Solar Panel Safety


As solar panels become increasingly common upon rooftops, questions about whether or not they’re safe perpetuate. Designers and manufacturers continue to address concerns while innovating solar panel technology in the process.


Solar panel safety issues largely fall into three categories. First, installation is a concern, given the weight of panels and the heights they’re lifted. There have been incidents of solar panel installers receiving serious injury - or even dying - as a result of falls over a roof edge or through skylights. Another installer died when he was electrocuted after a metal brace touched a nearby powerline, sending him falling from the scaffolding upon which he stood. The solar panel industry has addressed these risks and potential dangers by developing safety training programs, while implementing Occupational Safety and Health Administration regulations for both construction and general industry workers alike.


Fear of electrical surges similarly weigh heavily on the solar panel industry. Like any electronic device or system, however, spikes in voltage created by solar panels can be mitigated by surge protection systems. This is especially important in areas where lightning is common, a common cause of solar panel damage and failure.


Another area of concern is the solar panels themselves. While designs attempt to disperse heat evenly throughout a solar panel, “hotspots” often emerge. These hotspots can cause small or large fires alike.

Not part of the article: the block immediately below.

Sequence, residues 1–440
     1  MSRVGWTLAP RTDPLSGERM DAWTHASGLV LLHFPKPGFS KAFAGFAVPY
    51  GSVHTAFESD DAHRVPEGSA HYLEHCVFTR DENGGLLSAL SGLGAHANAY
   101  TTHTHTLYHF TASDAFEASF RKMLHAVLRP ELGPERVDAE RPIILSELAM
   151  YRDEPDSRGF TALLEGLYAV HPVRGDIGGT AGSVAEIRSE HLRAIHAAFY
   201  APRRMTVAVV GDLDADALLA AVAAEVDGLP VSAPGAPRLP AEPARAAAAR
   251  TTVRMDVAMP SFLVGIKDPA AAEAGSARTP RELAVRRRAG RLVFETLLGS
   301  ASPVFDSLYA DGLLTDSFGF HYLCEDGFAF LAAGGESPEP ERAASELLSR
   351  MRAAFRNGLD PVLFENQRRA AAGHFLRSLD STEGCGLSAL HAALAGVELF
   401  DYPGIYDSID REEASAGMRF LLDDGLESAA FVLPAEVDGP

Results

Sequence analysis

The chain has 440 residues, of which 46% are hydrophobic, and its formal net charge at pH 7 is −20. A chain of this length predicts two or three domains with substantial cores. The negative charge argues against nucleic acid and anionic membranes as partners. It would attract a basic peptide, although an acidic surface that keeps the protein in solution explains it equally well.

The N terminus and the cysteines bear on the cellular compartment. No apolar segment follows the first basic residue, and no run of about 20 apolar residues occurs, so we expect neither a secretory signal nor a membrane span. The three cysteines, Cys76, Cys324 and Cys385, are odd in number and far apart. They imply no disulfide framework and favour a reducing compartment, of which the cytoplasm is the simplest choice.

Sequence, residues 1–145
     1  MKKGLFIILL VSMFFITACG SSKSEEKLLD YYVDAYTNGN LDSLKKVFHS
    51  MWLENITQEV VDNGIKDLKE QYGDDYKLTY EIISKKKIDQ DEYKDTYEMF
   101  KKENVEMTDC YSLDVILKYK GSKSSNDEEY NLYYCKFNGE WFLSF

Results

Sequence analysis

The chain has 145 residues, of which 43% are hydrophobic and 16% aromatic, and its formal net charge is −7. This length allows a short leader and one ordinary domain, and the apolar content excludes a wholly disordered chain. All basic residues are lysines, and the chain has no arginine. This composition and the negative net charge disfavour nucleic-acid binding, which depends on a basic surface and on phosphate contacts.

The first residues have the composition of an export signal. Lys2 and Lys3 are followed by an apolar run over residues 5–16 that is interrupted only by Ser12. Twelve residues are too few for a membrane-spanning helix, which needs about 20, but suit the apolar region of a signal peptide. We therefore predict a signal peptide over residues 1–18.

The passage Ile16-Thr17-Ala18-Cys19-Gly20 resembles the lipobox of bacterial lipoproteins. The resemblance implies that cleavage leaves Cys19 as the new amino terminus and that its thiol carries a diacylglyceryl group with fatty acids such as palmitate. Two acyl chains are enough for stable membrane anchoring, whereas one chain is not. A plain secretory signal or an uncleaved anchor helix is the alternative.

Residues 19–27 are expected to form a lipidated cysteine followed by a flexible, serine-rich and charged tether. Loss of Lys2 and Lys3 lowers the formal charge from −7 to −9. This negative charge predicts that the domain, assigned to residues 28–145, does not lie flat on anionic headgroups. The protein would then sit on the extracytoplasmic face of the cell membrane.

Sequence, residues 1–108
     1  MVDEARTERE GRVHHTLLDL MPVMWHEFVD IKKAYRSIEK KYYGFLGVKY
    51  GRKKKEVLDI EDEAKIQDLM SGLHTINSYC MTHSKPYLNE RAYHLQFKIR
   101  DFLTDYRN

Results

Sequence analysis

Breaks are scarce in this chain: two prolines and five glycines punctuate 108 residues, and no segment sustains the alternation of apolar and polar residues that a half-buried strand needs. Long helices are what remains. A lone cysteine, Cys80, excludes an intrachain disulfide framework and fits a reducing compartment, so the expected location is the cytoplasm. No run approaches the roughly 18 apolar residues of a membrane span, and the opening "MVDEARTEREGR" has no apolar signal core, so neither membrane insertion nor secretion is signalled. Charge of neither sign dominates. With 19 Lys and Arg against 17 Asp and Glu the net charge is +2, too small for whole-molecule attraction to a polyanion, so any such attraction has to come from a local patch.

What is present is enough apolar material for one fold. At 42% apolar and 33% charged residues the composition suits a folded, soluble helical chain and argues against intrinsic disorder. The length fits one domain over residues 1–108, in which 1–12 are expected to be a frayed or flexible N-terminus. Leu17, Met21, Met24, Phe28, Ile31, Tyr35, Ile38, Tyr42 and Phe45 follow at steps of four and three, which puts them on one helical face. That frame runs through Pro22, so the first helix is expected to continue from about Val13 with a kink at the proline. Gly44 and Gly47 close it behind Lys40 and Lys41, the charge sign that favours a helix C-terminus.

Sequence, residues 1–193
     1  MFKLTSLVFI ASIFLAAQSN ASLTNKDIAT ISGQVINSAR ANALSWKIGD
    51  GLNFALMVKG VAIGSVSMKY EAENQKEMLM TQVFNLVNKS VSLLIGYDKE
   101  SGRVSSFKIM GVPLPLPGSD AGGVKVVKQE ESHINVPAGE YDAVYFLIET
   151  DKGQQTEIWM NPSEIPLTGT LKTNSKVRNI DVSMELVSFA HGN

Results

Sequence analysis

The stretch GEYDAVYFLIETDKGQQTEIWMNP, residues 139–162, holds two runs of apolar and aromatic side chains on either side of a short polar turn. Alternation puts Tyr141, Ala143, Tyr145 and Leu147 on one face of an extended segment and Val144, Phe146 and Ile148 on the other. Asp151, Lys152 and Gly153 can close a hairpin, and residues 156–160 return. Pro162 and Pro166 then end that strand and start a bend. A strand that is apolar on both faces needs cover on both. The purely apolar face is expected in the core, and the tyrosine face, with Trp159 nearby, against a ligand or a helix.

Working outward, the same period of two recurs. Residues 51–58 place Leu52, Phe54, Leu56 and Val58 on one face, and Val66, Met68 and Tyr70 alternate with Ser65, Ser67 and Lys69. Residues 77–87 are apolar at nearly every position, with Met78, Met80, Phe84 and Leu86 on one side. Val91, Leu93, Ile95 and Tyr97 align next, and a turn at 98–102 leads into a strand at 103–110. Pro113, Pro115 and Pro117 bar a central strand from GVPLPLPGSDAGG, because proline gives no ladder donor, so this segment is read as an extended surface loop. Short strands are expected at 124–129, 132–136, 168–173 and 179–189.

In 2019, Walmart sued Tesla as a result of seven devastating fires that broke out atop stores equipped with Tesla’s solar panels. The multi-million dollar lawsuit alleged Tesla was guilty of, “widespread, systemic negligence” and “failed to abide by prudent industry practices in installing, operating and maintaining its solar systems.”


The lawsuit between Walmart and Tesla was later settled, but the entire event brought media attention to something engineers continue to address. Hot spots do, in fact, occur on solar panels, the result of one defective, shaded, soiled, or poorly joined solar cell disrupting a current.


With design playing a significant role in exactly how and what results from a solar panel gone awry, new solar panel patents reflect continued progress in eliminating hotspots. In 2015, IdealPV patented their revolutionary solar technology, applying the Law of Forward Zero Hot Spot (FOZHS). The Law of FOZHS, as described by the company, “states that the conductance of a solar cell falls as its voltage becomes more negative.”


Once that conductance declines and the voltage reverses, the solar cell itself begins to heat up. IdealPV has designed a solar panel that keeps the conductance of solar panels high, eliminating unnecessary, costly, and dangerous negative or reverse voltage.


We’ve joined forces with IdealPV, putting their efficient, safe solar panels to the test. Together, CLGP and IdealPV provide solar panels with no hotspots, extending the lifetime of the solar systems themselves.


An overall decrease in energy loss, reduction of mechanical stress, and higher level of reliability adds to the benefits CLGP brings to communities. Additionally, by not having to worry about dirt, shadows, and other potential solar panel impairments to the same degree as competitors and colleagues, IdealPV and CLGP can enter previously dismissed or overlooked areas. Together, IdealPV and CLGP facilitate, “unprecedented levels of cost efficiency, performance, and safety.”


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© 2020 By CHERP Inc.

CHERP Locally Grown Power is a program of  CHERP Inc. Community Home Energy Retrofit Project a 501(c)(3) public charity